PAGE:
explain whether the evaluation design is Experimental, Quasi-Experimental, or Non-Experimental, and include any limitations to the evaluation methodology.
Outline for Grant Proposal
Students – you are to create a grant proposal that includes the sections discussed below. When considering your approach to completing this assignment, write the proposal as if you were asking me to fund the new innovative program/project that you developed as a result of your research. In addition to the proposal outlined in the following sections, each student should have a cover letter to his/her proposal. See the sample cover letter in your textbook. Appendices to this outline are provided to help you with objectives and evaluation design decisions.
1. Proposal Introduction (1 page-2 points)
a. Develop a brief explanation of the proposal content. This is an overview of what the Funder can expect to read in the grant proposal (deal with this section as if you were developing an abstract). Save the background of the problem for the statement of need section.
2. Statement of Need (3 pages-5 points)
a. Explain to the Funder the background of the issue and set the foundation of a compelling argument for why your proposal should get funded.
b. Use information from the following sources to establish the rationale for why your proposal is deserving of funding: the literature reviewed for your annotated bibliography, findings from the Surveys, Focus Groups, and/or qualitative interviews, any pre-existing data from your agency, government publications, and other organizations.
3. Project Goals and Objectives (1 page-5 points)
a. Explain to the Funder what your overall goal will be and your outcome objectives. You should have two or three outcome objectives.
b. Remember to use S.M.A.R.T. objectives (Appendix A).
c. Objectives should be Outcome rather than Process.
4. Project Logic Model (1 page-3 points)
a. Explain the theory behind the logic model concept and the rationale for using it.
b. Using the logic model format that you were provided, show the Funder what resources will be needed, how they will be used, what outcomes are anticipated, how the outcomes/objectives will be evaluated, and the overall impact of the project.
5. Project Description (4 pages – 10 points)
a. Give a detailed narrative of how you envision the funded project operating. List and describe the activities that will be included in the project design. This section should include at least the following:
· Who will receive the services, how will they be recruited, and screened, what will be the eligibility criteria for participation, and what will be the intake process
· List and describe each of the service components
· Describe the flow of services, or how will the participants move through the service sequence
· How many units of service will be provided for each service component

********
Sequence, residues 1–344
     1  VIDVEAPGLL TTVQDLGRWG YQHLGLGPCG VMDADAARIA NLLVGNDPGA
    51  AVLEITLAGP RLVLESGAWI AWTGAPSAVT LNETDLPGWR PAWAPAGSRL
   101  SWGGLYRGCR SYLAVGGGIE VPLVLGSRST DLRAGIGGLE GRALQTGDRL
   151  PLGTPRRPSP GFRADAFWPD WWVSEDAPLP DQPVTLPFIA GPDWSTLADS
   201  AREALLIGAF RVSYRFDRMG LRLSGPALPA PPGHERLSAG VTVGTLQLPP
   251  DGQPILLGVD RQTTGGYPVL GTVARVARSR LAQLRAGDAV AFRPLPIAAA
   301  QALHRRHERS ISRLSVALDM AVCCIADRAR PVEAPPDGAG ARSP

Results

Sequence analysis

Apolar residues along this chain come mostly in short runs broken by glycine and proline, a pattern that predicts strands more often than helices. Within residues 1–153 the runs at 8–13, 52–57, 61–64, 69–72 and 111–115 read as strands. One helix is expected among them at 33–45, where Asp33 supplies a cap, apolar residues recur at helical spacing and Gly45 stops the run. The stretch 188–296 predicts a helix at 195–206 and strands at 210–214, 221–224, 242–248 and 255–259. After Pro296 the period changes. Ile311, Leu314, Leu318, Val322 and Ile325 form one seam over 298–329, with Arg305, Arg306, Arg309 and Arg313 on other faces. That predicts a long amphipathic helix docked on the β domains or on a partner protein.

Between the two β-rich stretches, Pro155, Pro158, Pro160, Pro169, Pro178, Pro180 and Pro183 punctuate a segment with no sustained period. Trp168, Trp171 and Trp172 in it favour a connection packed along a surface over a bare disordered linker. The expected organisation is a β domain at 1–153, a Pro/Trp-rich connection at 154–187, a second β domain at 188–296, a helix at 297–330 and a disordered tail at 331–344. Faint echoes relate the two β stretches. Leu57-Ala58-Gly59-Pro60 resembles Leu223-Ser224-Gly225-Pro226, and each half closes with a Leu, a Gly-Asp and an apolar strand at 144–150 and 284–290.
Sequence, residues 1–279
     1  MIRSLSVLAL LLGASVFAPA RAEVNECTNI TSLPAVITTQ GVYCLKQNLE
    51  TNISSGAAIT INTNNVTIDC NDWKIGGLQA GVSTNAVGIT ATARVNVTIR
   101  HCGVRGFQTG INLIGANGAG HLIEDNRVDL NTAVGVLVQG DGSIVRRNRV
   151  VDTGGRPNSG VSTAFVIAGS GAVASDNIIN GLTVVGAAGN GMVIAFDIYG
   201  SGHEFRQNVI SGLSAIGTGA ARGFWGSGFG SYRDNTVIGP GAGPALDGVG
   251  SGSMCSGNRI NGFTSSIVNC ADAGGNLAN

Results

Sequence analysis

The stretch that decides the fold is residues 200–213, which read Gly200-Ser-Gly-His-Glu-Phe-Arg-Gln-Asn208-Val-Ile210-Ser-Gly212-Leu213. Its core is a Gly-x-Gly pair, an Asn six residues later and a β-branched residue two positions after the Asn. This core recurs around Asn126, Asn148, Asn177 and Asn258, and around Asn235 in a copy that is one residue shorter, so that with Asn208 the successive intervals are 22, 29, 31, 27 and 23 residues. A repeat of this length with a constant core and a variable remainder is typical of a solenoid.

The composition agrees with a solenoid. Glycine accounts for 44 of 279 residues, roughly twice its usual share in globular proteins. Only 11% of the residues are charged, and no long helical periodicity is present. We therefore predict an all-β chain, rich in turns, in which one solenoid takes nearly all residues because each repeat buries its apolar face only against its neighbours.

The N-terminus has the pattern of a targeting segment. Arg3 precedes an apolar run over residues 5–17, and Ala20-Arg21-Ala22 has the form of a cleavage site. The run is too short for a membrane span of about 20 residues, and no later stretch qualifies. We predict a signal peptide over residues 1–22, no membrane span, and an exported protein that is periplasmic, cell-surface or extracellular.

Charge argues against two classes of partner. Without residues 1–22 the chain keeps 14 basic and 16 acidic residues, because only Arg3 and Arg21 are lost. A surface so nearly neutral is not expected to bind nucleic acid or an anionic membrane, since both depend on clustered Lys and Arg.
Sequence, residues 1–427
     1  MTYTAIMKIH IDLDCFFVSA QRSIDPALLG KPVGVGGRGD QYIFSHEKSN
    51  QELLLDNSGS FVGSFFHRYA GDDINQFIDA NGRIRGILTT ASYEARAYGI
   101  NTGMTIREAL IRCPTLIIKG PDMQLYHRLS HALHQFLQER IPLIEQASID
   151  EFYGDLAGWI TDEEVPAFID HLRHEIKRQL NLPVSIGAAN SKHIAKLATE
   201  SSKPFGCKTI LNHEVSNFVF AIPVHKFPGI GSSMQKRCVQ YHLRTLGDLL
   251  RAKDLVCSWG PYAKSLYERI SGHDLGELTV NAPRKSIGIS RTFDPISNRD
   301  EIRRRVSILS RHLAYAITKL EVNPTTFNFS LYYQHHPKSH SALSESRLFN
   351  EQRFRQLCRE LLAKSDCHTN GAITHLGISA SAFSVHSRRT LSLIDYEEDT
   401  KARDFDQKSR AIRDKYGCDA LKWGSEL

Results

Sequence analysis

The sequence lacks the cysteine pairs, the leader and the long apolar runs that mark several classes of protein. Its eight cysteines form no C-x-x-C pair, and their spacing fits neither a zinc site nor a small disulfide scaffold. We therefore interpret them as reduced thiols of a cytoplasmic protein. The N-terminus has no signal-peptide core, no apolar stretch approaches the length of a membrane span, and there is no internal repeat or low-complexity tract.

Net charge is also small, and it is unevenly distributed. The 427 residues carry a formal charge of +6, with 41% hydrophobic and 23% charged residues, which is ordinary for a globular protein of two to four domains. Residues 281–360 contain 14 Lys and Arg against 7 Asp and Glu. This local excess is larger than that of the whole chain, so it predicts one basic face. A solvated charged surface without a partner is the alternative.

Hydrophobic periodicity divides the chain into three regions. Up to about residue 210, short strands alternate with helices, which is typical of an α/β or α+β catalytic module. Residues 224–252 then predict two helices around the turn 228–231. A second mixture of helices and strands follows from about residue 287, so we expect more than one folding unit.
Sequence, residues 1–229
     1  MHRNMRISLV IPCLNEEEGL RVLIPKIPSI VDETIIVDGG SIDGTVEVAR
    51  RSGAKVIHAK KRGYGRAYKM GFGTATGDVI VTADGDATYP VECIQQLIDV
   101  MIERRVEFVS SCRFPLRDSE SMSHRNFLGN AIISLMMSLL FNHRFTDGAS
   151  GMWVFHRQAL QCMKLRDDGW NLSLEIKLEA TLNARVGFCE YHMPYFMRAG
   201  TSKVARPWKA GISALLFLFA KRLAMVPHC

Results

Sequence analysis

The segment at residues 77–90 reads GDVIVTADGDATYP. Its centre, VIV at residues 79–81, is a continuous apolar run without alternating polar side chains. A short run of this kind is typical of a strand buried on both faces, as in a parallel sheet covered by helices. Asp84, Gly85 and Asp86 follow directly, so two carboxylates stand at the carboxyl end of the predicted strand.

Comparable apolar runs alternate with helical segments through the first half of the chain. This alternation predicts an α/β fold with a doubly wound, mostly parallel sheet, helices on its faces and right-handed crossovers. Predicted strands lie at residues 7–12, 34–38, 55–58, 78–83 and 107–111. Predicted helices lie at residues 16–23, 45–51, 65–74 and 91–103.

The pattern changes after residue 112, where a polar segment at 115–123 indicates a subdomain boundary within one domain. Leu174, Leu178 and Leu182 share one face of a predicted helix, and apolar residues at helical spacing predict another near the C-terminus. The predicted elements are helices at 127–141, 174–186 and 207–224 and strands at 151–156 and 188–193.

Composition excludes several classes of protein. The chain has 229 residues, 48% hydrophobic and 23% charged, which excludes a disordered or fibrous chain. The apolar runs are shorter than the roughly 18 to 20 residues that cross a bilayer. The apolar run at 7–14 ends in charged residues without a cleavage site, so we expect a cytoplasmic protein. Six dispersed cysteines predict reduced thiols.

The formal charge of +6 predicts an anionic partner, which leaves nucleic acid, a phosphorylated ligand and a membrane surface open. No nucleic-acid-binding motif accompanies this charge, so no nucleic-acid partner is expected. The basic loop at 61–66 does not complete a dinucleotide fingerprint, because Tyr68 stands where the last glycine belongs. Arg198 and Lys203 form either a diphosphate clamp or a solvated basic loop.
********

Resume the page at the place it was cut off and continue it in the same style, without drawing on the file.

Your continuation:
· Who will provide the services and what will be their qualifications
· Include a workplan/or Gantt chart
6. Project Resources and Budget (3 pages-5 points)
a. Using the sample that you are provided, complete a budget for the proposal. Be sure to consider expenses, as well as possible in-kind contributions.
b. The budget that you will use has a summary and a detail section, which address the major funding elements (make sure that the columns and rows add up). The narrative section is where you will write a justification for what you included in the budget.
7. Project Monitoring and Evaluation Plans and Measures (2 pages-5 points)
a. Explain to the Funder what methods will be used to evaluate the outcomes of your proposed program.
b. Be certain to discuss whether the evaluation is formative and/or summative and how evaluation findings will be used.
c. Be certain to explain all methods, both quantitative and qualitative.
d. Be certain to explain whether the evaluation design is Experimental, Quasi-Experimental, or Non-Experimental, and include any limitations to the evaluation methodology.
e. Describe and attach any data collection instruments and questions.
f. Plans for sustaining funding for the program if the outcomes are positive. This refers to planning for funding after the requested funding period has expired.
By December 11, 2019, all MHS students will increase their knowledge about grant proposal writing by 85%.
Evaluation Research Designs
Purposes of Evaluations
An assessment conducted during the operation of an intervention or program. It provides information about the implementation of the program as it relates to the initial program design. “Is the program doing what it’s supposed to be doing?”
A review conducted at the end of a program or intervention cycle as an assessment of the accomplishments. “Were program goals met?”
Experimental (true) research/evaluation design is a method using random selection to develop experimental groups and control groups. The experimental group would receive the “new” intervention under review, while the control group would not. Ethical consideration would suggest that the control group would continue to get their standard level of treatment. Through observation or other testing, any changes in the experimental group could be attributed to the intervention, if all other aspects of the environment for the two groups were equal.
The primary difference between experimental and quasi-experimental designs is random selection. There is no random selection of group members in the quasi-experimental design, but there can be control groups and other approaches.
If there is no control or comparison group, this is called a non-experimental design: sometimes called pre-experimental design.